This article was originally published in Spanish in La Izquierda Diario.es
The majority of European reformist left parties participated in last month’s conference, including Die Linke in Germany, Front de Gauche and leaders of the Nouveau Parti Anticapitaliste of France, the Left Bloc in Portugal, Podemos, Izquierda Unida and Barcelona en Común from the Spanish state and Catalonia. The spotlight was without a doubt on Varoufakis, who took the stage with the air of a rock star.
The forum and workshops ended with a great number of allusions to the Spanish revolution, with Varoufakis’ call to transform the EU into a “postmodern 1936”. “We must build new International Brigades to bring democracy back to Europe,” said the former Syriza Finance Minister. The new Spanish government, he added, must tell Brussels “they shall not pass”. This same spirit was echoed by Miguel Urbán, Podemos’ representative in the European Parliament and leader of Anti-Capitalist Left (Izquierda Anticapitalista), who called for “disobeying the European Union”, stating that one can build a “new Europe through civil disobedience.”
However, all these allusions to the Spanish revolution (on the 80th anniversary of the start of the civil war) were nothing more than discursive fireworks to make the “Plan B” project appear more radical, when in reality, it consists of a series of extremely moderate proposals to “recast” the European Union in the current capitalist framework. It couldn’t be further from the spirit of the International Brigades of 1936!
In several interviews with the Spanish media, Varoufakis explained his proposals in more detail: “The first thing the EU needs is transparency and the decisions of the Eurogroup as well as their implementation must be very different. We are not talking about profound changes in treaties or in operations, we are talking about something as simple as transparency in Eurogroup meetings, and I say this because I know from experience. (…) Transparency in Eurogroup meetings would be sufficient, without revising the treaties or [making] more profound changes… ”
A democratic revolution, without revolution … and not very democratic
Asked by a journalist how it would be possible to achieve the democratization of the European Union , Varoufakis replied, “It’s an interesting question. How about massive popular pressure? Isn’t that how democracy was born? In Europe we must win democracy back because we have lost it. We have it at the local level, in cities and towns, but that is no longer where they make the decisions. Important decisions are made in non-democratic zones in Brussels and Frankfurt. And the only thing left for us is to revisit the history of the struggles of several generations of millions of European democrats who, in the past decades and centuries and through demonstrations, forced democratic responsibility on the powers that be.
Pay close attention here. Varoufakis says that “we have [democracy] at the local level, in cities and towns,” but that “we have lost it” at the European level and we need to get it back. It seems, then, that Plan B comes down to “pressure” to achieve a “democracy” at the European level similar to that of current capitalist states on the continent …degraded democracies that declare a “state of emergency” such as in France, monarchies that endure thanks to the Spanish two-party system, “democracies” where banks and corrupt politicians are the true leaders. What happened to that slogan of the 15M movement that spread through the streets: “they call it democracy but it’s not democracy at all”?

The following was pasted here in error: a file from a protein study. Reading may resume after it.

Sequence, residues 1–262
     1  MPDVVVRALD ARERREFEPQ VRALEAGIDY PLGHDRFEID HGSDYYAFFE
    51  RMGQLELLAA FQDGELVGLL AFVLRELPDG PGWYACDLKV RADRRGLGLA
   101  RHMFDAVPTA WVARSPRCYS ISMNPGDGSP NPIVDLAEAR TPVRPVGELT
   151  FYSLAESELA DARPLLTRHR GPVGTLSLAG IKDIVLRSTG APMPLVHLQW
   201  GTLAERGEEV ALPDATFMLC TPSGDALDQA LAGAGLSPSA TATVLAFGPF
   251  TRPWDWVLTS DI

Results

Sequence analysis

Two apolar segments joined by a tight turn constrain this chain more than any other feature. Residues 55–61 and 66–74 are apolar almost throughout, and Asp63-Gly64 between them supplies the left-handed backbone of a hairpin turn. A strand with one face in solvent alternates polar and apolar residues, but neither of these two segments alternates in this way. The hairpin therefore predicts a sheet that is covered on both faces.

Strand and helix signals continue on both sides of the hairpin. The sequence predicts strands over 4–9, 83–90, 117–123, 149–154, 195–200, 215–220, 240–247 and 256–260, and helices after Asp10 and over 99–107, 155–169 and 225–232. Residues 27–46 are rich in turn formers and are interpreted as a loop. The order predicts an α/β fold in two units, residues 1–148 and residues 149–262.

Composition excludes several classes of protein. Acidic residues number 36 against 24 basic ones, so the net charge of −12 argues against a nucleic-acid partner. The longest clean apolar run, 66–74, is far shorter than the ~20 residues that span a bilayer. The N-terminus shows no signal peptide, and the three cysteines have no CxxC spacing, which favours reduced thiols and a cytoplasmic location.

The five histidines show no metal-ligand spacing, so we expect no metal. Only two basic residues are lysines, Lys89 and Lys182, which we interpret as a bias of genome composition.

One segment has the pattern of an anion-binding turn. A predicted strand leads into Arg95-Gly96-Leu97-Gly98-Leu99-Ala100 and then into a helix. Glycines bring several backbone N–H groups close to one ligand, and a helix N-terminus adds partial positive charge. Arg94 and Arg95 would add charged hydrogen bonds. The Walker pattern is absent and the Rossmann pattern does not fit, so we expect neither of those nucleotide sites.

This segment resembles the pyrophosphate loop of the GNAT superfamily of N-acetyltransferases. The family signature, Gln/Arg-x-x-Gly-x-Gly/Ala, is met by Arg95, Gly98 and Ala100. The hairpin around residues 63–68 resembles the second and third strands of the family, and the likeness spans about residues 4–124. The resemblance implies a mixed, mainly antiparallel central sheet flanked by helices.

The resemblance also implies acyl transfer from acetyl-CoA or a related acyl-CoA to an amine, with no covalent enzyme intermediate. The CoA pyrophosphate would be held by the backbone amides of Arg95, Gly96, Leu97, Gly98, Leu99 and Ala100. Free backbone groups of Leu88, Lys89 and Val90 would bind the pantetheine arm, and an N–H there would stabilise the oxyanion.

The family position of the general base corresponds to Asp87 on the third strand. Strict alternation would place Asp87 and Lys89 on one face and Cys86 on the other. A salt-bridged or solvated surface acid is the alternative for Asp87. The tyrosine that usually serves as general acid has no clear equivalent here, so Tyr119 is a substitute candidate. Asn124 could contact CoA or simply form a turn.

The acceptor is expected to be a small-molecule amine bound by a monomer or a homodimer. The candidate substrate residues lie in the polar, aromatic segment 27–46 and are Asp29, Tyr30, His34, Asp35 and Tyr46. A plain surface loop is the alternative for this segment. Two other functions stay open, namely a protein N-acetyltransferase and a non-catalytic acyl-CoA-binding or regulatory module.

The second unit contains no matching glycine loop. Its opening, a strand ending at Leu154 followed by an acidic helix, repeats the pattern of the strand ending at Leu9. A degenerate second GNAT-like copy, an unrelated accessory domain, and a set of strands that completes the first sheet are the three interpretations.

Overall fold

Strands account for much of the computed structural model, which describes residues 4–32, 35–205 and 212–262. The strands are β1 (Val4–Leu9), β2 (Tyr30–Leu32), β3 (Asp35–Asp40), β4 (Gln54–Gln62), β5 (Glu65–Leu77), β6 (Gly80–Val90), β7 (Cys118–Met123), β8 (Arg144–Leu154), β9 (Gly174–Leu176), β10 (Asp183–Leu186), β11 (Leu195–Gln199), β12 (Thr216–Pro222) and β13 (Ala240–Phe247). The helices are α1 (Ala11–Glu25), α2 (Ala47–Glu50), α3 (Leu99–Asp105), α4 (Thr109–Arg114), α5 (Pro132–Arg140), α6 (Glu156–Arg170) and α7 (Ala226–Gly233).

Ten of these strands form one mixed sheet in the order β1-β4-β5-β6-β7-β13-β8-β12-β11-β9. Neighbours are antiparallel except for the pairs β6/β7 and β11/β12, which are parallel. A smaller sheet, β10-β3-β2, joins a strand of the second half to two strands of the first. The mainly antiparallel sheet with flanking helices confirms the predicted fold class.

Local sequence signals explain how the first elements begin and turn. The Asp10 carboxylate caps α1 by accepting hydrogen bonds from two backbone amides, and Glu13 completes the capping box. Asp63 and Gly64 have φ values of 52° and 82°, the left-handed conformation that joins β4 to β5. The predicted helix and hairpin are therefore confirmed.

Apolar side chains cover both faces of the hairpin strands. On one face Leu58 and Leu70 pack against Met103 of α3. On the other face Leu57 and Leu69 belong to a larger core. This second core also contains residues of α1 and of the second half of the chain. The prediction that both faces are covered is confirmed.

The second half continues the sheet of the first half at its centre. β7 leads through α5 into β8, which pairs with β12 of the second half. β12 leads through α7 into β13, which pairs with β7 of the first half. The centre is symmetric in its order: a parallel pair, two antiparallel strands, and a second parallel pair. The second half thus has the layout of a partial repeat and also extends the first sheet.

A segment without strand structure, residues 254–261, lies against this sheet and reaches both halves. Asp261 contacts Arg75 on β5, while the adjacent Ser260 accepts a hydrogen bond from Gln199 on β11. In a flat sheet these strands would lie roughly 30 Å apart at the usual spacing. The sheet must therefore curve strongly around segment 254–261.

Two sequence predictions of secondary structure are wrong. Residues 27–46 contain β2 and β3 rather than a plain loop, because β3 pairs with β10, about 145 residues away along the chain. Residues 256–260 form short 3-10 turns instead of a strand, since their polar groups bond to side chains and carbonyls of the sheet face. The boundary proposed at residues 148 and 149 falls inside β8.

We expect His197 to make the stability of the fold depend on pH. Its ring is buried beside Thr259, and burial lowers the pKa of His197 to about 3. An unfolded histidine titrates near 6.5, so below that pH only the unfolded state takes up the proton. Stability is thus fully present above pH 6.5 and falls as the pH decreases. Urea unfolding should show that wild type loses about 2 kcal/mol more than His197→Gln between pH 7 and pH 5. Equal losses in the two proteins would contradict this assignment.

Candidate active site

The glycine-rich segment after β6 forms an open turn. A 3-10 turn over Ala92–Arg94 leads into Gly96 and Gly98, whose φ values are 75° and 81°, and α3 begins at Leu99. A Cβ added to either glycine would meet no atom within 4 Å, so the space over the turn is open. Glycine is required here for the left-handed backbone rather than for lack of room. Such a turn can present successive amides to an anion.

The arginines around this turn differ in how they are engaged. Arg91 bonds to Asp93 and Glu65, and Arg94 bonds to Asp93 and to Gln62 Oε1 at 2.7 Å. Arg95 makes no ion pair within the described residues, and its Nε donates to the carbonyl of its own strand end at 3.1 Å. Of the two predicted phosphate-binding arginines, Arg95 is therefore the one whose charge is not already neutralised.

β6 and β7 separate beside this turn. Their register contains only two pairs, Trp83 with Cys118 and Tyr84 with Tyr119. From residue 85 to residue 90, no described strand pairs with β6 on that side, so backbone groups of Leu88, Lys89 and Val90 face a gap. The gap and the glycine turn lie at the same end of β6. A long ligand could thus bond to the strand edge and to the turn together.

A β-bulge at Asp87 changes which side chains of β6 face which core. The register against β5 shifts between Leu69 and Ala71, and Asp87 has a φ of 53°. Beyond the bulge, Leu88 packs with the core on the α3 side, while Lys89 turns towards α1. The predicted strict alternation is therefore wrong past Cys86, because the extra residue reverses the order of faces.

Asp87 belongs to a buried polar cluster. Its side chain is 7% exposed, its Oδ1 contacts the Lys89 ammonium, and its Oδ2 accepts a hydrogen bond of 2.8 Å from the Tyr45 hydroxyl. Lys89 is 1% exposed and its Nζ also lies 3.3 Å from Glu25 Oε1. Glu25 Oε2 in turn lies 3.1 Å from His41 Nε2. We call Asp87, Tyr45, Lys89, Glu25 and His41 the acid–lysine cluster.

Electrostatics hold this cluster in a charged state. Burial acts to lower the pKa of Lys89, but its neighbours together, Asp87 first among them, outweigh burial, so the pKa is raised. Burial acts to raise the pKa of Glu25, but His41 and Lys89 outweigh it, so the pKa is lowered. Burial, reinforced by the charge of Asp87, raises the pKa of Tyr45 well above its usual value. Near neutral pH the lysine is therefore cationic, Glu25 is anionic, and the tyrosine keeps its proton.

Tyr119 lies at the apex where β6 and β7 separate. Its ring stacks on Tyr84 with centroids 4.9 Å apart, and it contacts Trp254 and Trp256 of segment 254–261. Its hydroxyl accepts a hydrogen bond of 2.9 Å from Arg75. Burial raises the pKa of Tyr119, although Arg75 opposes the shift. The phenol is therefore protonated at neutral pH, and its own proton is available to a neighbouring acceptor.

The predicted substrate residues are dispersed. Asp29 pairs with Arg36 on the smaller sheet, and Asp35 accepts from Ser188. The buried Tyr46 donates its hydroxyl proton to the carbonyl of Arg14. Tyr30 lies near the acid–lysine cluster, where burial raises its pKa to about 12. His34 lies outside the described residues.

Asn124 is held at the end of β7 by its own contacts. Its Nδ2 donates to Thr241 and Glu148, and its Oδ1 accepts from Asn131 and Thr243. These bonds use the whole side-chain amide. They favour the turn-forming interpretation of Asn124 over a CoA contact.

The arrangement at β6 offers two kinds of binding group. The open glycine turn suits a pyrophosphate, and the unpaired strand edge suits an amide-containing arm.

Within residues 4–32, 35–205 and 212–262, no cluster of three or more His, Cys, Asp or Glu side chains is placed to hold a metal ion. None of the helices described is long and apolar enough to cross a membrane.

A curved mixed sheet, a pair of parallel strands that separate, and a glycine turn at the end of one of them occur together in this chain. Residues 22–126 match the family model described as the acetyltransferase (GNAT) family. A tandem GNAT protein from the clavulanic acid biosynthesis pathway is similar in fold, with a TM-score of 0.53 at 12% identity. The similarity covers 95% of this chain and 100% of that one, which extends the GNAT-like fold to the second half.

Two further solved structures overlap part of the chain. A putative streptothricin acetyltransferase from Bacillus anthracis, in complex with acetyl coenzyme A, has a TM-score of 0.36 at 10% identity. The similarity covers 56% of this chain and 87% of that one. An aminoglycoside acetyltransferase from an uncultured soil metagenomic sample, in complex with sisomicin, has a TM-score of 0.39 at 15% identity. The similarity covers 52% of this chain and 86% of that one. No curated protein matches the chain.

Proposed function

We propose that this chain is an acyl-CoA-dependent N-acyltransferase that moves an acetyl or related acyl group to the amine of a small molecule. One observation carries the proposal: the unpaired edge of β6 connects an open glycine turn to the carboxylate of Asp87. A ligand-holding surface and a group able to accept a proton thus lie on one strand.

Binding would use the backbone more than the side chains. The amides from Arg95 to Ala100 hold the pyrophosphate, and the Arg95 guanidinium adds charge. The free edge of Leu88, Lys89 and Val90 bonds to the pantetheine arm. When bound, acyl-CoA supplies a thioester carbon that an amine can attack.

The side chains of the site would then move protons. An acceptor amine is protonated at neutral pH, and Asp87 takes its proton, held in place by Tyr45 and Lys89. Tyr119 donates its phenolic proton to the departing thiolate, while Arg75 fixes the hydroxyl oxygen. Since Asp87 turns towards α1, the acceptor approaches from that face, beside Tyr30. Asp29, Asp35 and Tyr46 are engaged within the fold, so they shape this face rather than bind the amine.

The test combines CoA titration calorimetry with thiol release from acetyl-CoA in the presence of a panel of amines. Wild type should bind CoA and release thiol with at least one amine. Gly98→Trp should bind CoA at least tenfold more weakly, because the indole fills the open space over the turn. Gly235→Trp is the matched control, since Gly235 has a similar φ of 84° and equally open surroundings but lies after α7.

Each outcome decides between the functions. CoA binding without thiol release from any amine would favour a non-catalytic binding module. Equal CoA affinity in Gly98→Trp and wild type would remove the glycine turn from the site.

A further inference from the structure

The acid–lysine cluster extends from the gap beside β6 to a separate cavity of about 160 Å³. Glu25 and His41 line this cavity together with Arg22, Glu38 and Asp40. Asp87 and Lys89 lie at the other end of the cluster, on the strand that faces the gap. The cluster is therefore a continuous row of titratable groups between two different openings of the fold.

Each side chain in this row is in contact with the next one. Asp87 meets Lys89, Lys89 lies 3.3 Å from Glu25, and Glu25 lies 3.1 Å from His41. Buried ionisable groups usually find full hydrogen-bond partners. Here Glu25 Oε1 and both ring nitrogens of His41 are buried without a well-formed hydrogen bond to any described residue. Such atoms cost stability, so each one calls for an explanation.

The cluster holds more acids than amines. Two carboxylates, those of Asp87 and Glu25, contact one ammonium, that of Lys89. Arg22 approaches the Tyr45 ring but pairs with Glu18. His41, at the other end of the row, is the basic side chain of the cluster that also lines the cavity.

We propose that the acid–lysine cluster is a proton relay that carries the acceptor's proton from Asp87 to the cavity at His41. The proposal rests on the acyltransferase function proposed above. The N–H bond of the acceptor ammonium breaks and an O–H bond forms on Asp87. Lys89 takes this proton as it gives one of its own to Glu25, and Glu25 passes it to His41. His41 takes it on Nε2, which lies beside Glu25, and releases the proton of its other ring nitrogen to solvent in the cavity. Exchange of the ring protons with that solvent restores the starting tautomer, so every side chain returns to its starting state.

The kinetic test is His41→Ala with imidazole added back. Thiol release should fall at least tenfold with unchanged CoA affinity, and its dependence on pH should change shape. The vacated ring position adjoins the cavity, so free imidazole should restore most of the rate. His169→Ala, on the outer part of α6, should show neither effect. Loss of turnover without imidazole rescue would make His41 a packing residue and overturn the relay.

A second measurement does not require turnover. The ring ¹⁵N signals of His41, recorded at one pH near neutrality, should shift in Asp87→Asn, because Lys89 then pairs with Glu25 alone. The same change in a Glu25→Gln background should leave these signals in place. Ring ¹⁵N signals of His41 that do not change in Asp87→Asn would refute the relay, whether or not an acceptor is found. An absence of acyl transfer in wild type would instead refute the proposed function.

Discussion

The reference to “popular pressure” with demonstrations of millions of people could confuse some about the intentions of the movement. But, again, the speeches on stage contradict the evidence of reality. In countries where the European reformist parties that support Varoufakis’ “Plan B” operate– and in many cases, hold government office– their actions have been very different. Let’s review a few examples.
In France, not only did the Front de Gauche not “revisit the history of the struggles of several generations of millions of democratic Europeans” to address the “state of emergency” declared by Hollande, but rather voted in favor of it in the National Assembly .
In the case of Podemos, far from organizing mobilizations against austerity, it is trying to form a government with the PSOE (the Spanish Socialist Workers’ Party, or Partido Socialista Obrero Espanol), the social-liberal party that implemented all the structural adjustment measures against Spanish workers. As its number 3 leader, Carolina Bescansa, said, Podemos is a party born to “govern” and not to “protest”.
We could go on giving examples. But we must not forget Varoufakis himself and his experience as finance minister in Greece. In the same interview in ElDiario.es he states that during the months before his resignation, one already saw Tspiras making many concessions to the Troika before there was an agreement. However, throughout this entire period, Varoufakis did not once call for mobilization against these concessions; rather, he shared ultimate responsibility of the government in the negotiations that prepared Tsipras’ final capitulation.
Finally, a few days before arriving in Madrid, Varoufakis said in Berlin that the best example of what he wanted to build with his new Diem2025 movement (Democratic Europe 2025) was the government of Ada Colau in Barcelona . “Ada Colau is an example of that part of politics that did not let itself be devoured by the predator,” he said.
Last week, workers of the Barcelona metro, bus drivers and Movistar employees faced off with the same mayor of Barcelona who positioned herself on the side of the capitalist “predator” against workers. What an example for a new movement.
Translation: Emma V